|Location Map ( geo)|
|Distance:||18.9 miles (30.4 km)|
|Meets:||A1124, A12, A134, A1232, A137, A134, A120, seafront|
|Former Number(s):||A12, A604|
|Old route now:||B1508, B1441|
|Route outline (key)|
The A133 is another road that leads Essex Man to the sea. Clacton is not as tacky as Southend, and the road from the A120 to Clacton has been improved over the last 20 years. The first bit though is a little slow as it goes through Colchester.
Western Section: Colchester – Frating Green
The western section of the A133 currently begins on the A1124 (former A12) at Lexden, to the west of the centre of Colchester. It runs along the town's first bypass (also at one time the A12), soon reaching Spring Lane Roundabout at the end of the slip roads to A12 J27. The A133 continues on the old A12 route forming a northern bypass of the town. It crosses the A134 at its new alignment as Westway and then shortly after again on the old alignment as North Station Road; it will soon meet up again at the very beginning of the A134 soon enough after that road's journey forming the southern end of the town centre's bypass.
The A133 continues along the leafy Cowdray Avenue with housing on both sides before passing a modern industrial estate (currently part of which is being demolished after a large fire), on the other side of the road is McDonalds, and the Charter Hall before passing over the Clacton branch railway line and a double roundabout with the A1232, which is where the old A12 left and the A133 returns to its "proper" route. It soon passes another double roundabout with the A137 to Manningtree before heading up the "magic roundabout" of Greenstead with five mini roundabouts around a central one; most are minor roads, but one is the final terminus of the A134 on its way out of the town centre again on it's new alignment as the Eastern Approaches.
After this, the A133 becomes D2 for a while past the University of Essex. Until recently this used to be NSL, but after a series of accidents it is now 50 until we pass the university where it returns to NSL. This section continues until we reach Elmstead Market where the limit drops to 30 and the road becomes single carriageway again. At traffic lights on the far side of the village an unclassified road turns off to the left signposted for Harwich; this is the former A604. The A133 meanders though the countryside becoming NSL out of villages and limited to 40 when in them before after 5 miles reaching a roundabout being the spur to the A120.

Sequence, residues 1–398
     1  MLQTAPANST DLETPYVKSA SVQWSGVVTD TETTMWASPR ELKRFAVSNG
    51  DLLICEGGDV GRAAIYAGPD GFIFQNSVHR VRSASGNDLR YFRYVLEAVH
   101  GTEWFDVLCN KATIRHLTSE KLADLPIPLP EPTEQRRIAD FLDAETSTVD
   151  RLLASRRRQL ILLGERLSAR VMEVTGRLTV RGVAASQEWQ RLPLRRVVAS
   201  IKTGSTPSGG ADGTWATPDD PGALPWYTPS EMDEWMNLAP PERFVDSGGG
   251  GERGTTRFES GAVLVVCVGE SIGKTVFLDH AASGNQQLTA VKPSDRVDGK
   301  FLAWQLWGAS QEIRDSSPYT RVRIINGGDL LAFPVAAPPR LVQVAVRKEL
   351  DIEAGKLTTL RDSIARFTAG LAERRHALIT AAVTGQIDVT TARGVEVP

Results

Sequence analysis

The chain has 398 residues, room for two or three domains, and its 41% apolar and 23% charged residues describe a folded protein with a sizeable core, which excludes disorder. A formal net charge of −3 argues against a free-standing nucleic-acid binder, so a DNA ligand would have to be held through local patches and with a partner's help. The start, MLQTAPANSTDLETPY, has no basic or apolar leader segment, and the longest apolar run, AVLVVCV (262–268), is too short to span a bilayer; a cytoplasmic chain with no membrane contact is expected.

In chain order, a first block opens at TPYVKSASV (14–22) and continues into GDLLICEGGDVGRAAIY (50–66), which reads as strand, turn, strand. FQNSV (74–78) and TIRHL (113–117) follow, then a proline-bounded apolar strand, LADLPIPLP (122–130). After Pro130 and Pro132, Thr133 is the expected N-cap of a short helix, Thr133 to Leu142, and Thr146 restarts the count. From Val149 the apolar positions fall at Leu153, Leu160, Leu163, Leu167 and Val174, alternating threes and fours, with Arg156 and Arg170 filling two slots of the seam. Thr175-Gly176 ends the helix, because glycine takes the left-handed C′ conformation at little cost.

I have noticed that they have recently replaced a lot of the signage on this section of the road, and the A133 part of the sign is screwed on as a separate panel over another part of the sign, possibly a downgrading to A1124 is in the pipeline?
The A133 Spur to the A120 at Hare Green
This spur is the only section of the primary A133 that is D2. The spur starts from a fork junction with the A120 at Hare Green. This is where the bulk of the traffic comes from as it allows access to the A133 from the A12 without having to go through Colchester. We go over an unclassified road to the east of Hare Green; this was the A604 at one time. After that, we run on an embankment but all too soon we arrive at the roundabout with the main A133. From the spur, the primary route to Clacton is aligned straight ahead.
Eastern Section: Frating Green – Clacton
After the roundabout, the mainline of the road becomes primary. We first pass Crabtree Farm then we carry on pass various other farms until we arrive at the roundabout at the B1033. Here, we leave the old road at a TOTSO at the roundabout. The new road is a lot faster than the old road as it bypasses Weeley and Weeley Heath. We enter a cutting near to Gutteridge Hall. This is a fast S2 road as we go under a couple of bridges. After a short embankment, we bypass Little Clacton. After going under a small bridge, we arrive at the Little Clacton roundabout. To our left is the B1442. After that, we're still on the 1990s new road. After a mile, we arrive at Clacton. At the B1441 roundabout at Great Clacton, we rejoin the original road. We're in the town now and the road is a lot slower. We again meet the B1442, then there is a short one-way loop which has ended by the station, where there is a roundabout.
The final bit of the A133 is very straight. We pass the B1032 towards Kirby Cross to the east. It also goes a little to the west. Finally we see the sea. The two carriageways split to end at adjacent T-junctions on the seafront. Turn right for another way for Kirby Cross or left for Clacton amusements and the car parks.
Original Author(s): A Beaton
The original 1922 route of the A133 ran from Colchester to Sudbury - but the road has been extended and cut back again in the interim.
The A133 was extended along the former B1059 on 1st April, 1929 as far as Sudbury, where it met the A131 and A134 in the town centre. This section lasted until at least the 1970s but has been downgraded to the B1508; there seems no reason why two roads (A133 and A134) needed to connect Sudbury and Colchester.